In recent meetings between the Reserve Bank and representatives of organised commerce, business, manufacturing, mining and finance, general support was expressed for the Government's new macroeconomic strategy. All these groups, moreover, emphasised the urgency to implement the programme and to show results. This has meanwhile become more acute given the growing precariousness of South Africa's situation in international financial markets and the weak overall balance of payments position.

The Reserve Bank can be relied upon to lend its full support to the speedy implementation of the Government's programme for macroeconomic reform. Apart from adhering to monetary policies that are consistent with the directives of the strategy, the Bank will also continue to advise the Minister of Finance on a responsible programme to gradually phase out exchange controls. Good progress has already been made during the past two-and-a-half years on this front and further steps can be expected as and when justified by the successful implementation of the overall programme of economic restructuring.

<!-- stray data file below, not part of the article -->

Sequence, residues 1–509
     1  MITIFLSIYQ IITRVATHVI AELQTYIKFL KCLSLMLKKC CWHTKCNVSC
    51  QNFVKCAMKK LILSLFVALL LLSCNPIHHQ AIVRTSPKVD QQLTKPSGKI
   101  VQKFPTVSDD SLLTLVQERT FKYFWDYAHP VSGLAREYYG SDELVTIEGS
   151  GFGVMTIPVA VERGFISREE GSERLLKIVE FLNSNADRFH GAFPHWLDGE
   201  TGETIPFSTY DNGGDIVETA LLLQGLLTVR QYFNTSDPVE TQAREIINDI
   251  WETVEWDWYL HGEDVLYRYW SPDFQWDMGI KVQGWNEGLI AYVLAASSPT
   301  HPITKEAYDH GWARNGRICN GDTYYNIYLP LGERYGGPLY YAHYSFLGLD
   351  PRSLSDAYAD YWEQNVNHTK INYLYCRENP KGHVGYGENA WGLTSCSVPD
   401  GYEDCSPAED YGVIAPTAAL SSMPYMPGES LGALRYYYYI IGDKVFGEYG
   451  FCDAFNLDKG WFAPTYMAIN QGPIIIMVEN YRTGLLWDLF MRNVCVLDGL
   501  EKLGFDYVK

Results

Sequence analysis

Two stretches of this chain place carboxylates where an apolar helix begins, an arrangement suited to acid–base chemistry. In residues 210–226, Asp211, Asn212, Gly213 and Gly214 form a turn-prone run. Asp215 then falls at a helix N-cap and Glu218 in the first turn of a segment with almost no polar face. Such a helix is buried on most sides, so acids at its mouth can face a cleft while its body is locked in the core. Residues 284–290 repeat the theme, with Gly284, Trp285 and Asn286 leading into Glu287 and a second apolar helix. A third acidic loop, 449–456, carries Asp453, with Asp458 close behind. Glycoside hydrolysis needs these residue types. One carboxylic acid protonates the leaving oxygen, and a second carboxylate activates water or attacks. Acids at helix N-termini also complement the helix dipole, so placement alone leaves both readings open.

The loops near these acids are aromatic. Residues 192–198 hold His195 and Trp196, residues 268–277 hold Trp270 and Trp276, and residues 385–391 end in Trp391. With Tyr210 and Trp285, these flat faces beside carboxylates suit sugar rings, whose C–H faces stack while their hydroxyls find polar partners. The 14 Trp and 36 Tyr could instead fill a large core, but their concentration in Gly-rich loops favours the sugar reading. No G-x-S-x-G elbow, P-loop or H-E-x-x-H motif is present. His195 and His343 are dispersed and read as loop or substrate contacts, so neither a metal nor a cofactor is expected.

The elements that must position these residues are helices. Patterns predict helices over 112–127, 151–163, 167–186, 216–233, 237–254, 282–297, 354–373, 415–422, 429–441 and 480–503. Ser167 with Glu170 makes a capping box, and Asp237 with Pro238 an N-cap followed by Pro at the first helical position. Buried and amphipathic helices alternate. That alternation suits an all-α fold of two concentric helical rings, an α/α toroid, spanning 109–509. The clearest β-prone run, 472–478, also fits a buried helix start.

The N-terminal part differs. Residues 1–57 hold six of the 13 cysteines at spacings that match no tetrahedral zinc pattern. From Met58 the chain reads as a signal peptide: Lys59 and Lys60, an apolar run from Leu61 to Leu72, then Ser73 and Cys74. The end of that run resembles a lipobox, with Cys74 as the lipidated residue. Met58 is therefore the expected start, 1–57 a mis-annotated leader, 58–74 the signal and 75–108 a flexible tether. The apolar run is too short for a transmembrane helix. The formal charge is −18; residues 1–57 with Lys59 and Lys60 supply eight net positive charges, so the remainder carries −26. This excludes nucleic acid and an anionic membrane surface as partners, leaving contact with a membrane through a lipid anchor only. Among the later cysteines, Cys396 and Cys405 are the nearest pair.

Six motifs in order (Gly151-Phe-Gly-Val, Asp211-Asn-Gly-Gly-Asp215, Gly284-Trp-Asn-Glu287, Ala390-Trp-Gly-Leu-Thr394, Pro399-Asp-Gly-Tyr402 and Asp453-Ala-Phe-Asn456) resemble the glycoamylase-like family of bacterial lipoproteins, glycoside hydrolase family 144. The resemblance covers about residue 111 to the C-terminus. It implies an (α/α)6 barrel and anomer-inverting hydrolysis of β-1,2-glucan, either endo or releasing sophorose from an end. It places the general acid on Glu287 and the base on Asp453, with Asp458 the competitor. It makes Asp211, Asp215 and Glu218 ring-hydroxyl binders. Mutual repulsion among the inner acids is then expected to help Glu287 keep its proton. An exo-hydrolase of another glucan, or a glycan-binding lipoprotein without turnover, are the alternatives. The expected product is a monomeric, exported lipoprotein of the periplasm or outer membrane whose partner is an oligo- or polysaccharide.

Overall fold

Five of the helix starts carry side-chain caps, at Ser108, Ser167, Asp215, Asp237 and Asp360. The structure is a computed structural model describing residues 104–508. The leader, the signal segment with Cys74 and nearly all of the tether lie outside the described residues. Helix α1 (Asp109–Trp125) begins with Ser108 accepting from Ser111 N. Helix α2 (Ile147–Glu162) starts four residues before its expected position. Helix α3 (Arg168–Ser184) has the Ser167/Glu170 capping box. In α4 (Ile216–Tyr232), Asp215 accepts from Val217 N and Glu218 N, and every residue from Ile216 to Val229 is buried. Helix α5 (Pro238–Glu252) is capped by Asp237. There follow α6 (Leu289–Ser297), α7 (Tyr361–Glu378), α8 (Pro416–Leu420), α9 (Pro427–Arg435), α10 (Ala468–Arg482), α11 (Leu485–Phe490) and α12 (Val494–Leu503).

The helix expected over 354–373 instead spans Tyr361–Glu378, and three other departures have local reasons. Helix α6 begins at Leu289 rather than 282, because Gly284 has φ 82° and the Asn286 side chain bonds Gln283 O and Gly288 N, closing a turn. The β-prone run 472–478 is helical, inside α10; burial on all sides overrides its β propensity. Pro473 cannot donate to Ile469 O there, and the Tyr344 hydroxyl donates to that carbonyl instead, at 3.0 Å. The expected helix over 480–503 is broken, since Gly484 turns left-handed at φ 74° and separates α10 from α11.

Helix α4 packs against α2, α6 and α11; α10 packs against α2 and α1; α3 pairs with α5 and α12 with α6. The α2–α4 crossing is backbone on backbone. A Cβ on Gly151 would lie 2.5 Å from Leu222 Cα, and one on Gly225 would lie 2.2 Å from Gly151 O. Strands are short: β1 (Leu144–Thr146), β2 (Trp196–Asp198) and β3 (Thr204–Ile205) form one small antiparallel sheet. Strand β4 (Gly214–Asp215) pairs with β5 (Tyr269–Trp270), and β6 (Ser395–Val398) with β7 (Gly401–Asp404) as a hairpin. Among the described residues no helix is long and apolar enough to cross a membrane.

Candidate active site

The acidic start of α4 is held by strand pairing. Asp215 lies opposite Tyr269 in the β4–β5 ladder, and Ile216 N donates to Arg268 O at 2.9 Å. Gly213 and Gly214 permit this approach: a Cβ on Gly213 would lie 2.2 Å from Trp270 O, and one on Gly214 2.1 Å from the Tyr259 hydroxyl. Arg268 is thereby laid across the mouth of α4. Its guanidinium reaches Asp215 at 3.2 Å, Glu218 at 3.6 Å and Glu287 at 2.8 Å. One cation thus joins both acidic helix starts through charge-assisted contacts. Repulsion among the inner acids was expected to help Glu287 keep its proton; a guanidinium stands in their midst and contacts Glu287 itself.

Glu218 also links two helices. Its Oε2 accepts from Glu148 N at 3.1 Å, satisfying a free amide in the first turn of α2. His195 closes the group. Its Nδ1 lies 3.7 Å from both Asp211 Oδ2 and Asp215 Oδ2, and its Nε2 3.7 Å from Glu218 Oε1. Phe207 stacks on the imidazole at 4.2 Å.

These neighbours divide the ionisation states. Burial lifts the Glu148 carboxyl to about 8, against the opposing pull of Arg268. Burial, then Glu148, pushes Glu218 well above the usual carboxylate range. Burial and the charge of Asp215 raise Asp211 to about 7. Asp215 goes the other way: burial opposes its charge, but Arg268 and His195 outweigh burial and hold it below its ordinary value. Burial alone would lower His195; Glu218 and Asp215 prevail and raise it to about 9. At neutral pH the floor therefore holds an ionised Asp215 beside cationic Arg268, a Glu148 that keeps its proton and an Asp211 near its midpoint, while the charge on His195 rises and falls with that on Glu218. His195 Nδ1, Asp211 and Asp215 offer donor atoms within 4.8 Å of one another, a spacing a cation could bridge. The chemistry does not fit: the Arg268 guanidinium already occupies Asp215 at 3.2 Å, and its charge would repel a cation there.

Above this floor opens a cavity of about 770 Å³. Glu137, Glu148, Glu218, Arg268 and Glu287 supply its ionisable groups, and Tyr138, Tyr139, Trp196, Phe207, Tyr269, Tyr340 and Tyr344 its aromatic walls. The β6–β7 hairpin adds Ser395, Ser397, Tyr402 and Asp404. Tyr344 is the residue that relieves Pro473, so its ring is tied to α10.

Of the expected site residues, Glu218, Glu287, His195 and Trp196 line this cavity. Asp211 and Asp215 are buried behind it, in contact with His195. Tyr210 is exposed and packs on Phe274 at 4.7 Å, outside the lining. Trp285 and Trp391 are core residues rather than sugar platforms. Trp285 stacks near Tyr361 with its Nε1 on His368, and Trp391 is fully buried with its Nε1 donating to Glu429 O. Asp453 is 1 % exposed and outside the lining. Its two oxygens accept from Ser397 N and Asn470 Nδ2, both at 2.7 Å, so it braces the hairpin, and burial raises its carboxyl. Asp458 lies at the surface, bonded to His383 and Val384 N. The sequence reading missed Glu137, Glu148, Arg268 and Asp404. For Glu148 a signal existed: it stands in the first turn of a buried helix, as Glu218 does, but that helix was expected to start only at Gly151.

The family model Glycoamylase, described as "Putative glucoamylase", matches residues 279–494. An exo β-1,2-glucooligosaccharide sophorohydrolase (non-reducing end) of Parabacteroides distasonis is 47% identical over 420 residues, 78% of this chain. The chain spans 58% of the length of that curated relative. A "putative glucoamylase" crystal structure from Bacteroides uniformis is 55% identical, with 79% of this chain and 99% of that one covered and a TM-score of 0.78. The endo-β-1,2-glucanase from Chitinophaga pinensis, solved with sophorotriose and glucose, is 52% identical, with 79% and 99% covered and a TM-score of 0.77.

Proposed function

This year the South African Reserve Bank celebrated its seventy-fifth anniversary. It was an occasion not only to reflect on the past, but also to embrace the future. The changing South African political and social environment demands continuous adaptation from the Bank in respect of its structure, its functions and its staff composition.